In a double bill of monologues, director Guy Cassiers tells the story of Antigone, a young girl who says ‘no’ to the authorities, and then the story of the blind seer Tiresias, who during his lifetime has been both a woman and a man. Stefan Hertmans
and the young English slam poet Kae Tempest
rewrote these classic myths in a contemporary idiom and placed them in an urban context.
In Antigone in Molenbeek
(Hertmans), the protagonist, a Muslima, wants to bury her dead brother, an ISIS suicide bomber. The authorities refuse to release his body and Antigone cannot carry out her process of mourning. Ikram Aoulad plays the role of Antigone.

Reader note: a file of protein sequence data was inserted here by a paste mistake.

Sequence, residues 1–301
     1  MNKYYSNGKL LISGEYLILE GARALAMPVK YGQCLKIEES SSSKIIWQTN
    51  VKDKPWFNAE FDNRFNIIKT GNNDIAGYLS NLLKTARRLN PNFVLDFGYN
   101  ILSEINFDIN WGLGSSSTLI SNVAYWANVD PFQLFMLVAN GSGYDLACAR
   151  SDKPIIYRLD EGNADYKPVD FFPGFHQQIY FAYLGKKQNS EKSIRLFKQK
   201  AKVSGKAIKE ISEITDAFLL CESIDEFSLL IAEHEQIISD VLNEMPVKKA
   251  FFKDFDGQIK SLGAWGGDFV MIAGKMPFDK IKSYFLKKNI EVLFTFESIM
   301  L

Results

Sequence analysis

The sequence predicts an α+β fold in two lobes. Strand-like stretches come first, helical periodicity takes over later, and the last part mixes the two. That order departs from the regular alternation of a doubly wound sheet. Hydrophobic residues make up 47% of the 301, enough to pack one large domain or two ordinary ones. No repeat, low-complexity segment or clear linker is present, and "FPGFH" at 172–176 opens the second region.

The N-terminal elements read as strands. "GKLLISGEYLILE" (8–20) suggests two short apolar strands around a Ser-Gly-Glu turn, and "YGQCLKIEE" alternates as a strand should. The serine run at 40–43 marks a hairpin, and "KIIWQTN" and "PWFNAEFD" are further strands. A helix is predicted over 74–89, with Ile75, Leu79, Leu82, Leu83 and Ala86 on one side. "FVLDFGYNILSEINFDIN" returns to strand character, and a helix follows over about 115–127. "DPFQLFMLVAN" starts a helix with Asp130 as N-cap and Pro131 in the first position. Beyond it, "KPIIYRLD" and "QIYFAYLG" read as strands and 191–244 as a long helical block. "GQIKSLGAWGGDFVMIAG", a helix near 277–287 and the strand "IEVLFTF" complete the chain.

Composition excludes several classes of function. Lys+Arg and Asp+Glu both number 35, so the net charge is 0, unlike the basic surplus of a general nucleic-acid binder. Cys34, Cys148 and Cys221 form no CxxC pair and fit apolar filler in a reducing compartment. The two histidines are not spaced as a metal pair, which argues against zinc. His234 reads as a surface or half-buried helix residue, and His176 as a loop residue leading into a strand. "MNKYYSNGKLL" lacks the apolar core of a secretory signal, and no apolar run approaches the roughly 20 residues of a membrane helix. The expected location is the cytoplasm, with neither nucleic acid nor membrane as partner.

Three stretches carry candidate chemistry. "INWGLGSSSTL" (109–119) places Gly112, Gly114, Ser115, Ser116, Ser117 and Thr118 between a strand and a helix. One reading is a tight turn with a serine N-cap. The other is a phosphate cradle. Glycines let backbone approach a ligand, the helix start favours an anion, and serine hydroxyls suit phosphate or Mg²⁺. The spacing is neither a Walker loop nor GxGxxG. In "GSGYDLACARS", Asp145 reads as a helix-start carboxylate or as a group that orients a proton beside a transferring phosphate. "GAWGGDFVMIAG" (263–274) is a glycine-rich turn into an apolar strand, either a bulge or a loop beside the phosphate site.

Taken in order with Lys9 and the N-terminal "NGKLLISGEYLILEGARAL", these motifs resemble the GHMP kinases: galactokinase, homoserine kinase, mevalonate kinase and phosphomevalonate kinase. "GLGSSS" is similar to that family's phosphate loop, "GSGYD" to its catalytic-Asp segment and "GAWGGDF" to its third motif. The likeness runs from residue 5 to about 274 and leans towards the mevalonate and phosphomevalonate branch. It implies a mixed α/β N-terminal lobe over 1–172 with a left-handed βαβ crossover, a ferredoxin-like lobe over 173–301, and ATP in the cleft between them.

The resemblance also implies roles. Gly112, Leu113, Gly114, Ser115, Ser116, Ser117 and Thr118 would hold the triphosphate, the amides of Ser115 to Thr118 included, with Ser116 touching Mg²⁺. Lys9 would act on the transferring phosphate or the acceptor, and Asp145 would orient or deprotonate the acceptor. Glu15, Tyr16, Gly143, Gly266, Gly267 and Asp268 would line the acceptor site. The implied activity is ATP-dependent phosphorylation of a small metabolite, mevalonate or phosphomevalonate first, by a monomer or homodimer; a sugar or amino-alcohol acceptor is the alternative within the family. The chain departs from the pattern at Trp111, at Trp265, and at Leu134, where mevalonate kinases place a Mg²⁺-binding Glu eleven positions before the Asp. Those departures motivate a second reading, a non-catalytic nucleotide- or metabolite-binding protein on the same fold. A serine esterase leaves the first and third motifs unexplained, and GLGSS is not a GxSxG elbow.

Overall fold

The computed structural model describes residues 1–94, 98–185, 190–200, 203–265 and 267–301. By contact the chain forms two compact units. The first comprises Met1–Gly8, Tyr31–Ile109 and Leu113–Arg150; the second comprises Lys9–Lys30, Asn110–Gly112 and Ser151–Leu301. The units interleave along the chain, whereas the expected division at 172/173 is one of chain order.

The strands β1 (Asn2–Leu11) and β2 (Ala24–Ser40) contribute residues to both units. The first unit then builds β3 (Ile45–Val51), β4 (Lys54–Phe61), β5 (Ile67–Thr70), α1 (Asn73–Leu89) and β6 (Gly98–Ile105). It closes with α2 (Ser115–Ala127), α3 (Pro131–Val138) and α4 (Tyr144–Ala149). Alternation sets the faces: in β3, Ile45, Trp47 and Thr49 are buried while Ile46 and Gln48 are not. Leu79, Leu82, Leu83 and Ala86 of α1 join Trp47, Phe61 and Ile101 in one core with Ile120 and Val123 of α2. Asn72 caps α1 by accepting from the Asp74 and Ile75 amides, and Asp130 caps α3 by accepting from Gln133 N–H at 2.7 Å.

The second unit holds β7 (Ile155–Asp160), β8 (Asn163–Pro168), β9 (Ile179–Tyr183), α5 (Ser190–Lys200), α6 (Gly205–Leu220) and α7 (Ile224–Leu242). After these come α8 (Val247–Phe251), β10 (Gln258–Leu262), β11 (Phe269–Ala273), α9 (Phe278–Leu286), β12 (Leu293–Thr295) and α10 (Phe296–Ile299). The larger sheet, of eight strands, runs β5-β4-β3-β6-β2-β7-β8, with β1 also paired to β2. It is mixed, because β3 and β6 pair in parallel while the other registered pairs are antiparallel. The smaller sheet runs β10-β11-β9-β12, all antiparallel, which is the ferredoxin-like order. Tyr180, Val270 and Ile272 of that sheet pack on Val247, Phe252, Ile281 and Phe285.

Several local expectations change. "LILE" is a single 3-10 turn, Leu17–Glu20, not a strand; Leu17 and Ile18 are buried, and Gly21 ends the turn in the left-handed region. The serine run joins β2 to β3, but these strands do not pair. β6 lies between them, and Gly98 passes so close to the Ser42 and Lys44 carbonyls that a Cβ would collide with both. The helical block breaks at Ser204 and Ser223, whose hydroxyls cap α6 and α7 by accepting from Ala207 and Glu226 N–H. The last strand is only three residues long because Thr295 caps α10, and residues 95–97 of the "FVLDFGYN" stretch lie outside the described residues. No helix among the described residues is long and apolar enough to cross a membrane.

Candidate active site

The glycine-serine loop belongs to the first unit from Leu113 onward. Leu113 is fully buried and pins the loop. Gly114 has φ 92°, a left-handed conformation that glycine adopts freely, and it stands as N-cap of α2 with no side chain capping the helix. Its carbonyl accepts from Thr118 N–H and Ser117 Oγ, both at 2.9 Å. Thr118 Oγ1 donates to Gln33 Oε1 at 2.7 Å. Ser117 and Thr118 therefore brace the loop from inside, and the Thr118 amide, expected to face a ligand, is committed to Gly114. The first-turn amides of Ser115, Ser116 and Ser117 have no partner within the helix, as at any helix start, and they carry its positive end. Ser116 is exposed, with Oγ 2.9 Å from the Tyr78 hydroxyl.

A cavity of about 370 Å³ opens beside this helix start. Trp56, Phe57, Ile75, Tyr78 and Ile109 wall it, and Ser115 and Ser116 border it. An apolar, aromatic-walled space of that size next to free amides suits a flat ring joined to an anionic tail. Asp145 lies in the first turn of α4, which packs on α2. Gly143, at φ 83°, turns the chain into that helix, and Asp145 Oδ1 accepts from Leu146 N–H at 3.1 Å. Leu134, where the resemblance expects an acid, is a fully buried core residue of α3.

(Tempest), the identity of the protagonist slips from man into woman into blind seer. From their isolated positions, Antigone and Tiresias each expose the suppressed sexual, social and political prejudices in society. A monologue by Katelijne Damen.
Besides the visual technology, music also plays an important role. The two narratives, each in their own way, enter into a dialogue with String Quartet No. 15 by the Russian composer Dmitri Shostakovich.
In June 2021 a French version of the performance will also be made: Antigone à Molenbeek + Tirésias, with the French actresses Ghita Serraj and Valérie Dréville.